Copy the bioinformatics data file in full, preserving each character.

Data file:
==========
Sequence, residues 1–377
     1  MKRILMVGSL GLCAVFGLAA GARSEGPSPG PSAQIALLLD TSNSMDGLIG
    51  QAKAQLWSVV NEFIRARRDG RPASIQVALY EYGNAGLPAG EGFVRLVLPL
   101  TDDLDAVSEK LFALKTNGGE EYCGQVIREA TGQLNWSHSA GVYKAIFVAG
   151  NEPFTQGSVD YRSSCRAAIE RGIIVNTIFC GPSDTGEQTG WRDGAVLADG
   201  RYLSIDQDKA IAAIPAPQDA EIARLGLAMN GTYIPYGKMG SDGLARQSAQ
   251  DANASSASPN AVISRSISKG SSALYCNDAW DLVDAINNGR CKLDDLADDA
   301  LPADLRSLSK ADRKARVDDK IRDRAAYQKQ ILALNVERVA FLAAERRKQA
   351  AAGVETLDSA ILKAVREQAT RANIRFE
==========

Sequence, residues 1–377
     1  MKRILMVGSL GLCAVFGLAA GARSEGPSPG PSAQIALLLD TSNSMDGLIG
    51  QAKAQLWSVV NEFIRARRDG RPASIQVALY EYGNAGLPAG EGFVRLVLPL
   101  TDDLDAVSEK LFALKTNGGE EYCGQVIREA TGQLNWSHSA GVYKAIFVAG
   151  NEPFTQGSVD YRSSCRAAIE RGIIVNTIFC GPSDTGEQTG WRDGAVLADG
   201  RYLSIDQDKA IAAIPAPQDA EIARLGLAMN GTYIPYGKMG SDGLARQSAQ
   251  DANASSASPN AVISRSISKG SSALYCNDAW DLVDAINNGR CKLDDLADDA
   301  LPADLRSLSK ADRKARVDDK IRDRAAYQKQ ILALNVERVA FLAAERRKQA
   351  AAGVETLDSA ILKAVREQAT RANIRFE